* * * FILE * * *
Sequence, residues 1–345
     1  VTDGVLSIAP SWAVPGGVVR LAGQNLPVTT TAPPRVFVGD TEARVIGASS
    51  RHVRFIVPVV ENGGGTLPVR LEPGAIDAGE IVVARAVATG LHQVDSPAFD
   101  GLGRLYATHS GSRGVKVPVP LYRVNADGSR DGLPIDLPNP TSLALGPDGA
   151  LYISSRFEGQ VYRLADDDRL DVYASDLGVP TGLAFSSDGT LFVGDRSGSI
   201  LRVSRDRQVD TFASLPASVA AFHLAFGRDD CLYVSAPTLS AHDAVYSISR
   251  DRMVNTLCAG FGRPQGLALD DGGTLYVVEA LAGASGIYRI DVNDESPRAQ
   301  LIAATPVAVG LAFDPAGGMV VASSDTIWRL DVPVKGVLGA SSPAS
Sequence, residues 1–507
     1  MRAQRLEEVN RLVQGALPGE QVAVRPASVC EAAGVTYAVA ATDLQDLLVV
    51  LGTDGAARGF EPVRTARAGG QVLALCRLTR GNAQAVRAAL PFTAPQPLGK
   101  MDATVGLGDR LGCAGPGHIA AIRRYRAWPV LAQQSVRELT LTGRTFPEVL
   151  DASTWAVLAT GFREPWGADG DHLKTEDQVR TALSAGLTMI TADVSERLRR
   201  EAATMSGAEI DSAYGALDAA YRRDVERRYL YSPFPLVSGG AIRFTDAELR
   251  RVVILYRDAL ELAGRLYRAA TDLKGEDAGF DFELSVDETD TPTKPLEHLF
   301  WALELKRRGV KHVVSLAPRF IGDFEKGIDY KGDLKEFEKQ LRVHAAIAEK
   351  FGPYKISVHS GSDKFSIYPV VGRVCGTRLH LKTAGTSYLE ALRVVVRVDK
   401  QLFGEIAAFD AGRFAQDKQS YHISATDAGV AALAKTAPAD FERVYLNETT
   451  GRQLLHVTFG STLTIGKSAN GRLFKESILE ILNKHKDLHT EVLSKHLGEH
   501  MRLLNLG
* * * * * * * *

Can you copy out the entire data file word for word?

Sequence, residues 1–345
     1  VTDGVLSIAP SWAVPGGVVR LAGQNLPVTT TAPPRVFVGD TEARVIGASS
    51  RHVRFIVPVV ENGGGTLPVR LEPGAIDAGE IVVARAVATG LHQVDSPAFD
   101  GLGRLYATHS GSRGVKVPVP LYRVNADGSR DGLPIDLPNP TSLALGPDGA
   151  LYISSRFEGQ VYRLADDDRL DVYASDLGVP TGLAFSSDGT LFVGDRSGSI
   201  LRVSRDRQVD TFASLPASVA AFHLAFGRDD CLYVSAPTLS AHDAVYSISR
   251  DRMVNTLCAG FGRPQGLALD DGGTLYVVEA LAGASGIYRI DVNDESPRAQ
   301  LIAATPVAVG LAFDPAGGMV VASSDTIWRL DVPVKGVLGA SSPAS
Sequence, residues 1–507
     1  MRAQRLEEVN RLVQGALPGE QVAVRPASVC EAAGVTYAVA ATDLQDLLVV
    51  LGTDGAARGF EPVRTARAGG QVLALCRLTR GNAQAVRAAL PFTAPQPLGK
   101  MDATVGLGDR LGCAGPGHIA AIRRYRAWPV LAQQSVRELT LTGRTFPEVL
   151  DASTWAVLAT GFREPWGADG DHLKTEDQVR TALSAGLTMI TADVSERLRR
   201  EAATMSGAEI DSAYGALDAA YRRDVERRYL YSPFPLVSGG AIRFTDAELR
   251  RVVILYRDAL ELAGRLYRAA TDLKGEDAGF DFELSVDETD TPTKPLEHLF
   301  WALELKRRGV KHVVSLAPRF IGDFEKGIDY KGDLKEFEKQ LRVHAAIAEK
   351  FGPYKISVHS GSDKFSIYPV VGRVCGTRLH LKTAGTSYLE ALRVVVRVDK
   401  QLFGEIAAFD AGRFAQDKQS YHISATDAGV AALAKTAPAD FERVYLNETT
   451  GRQLLHVTFG STLTIGKSAN GRLFKESILE ILNKHKDLHT EVLSKHLGEH
   501  MRLLNLG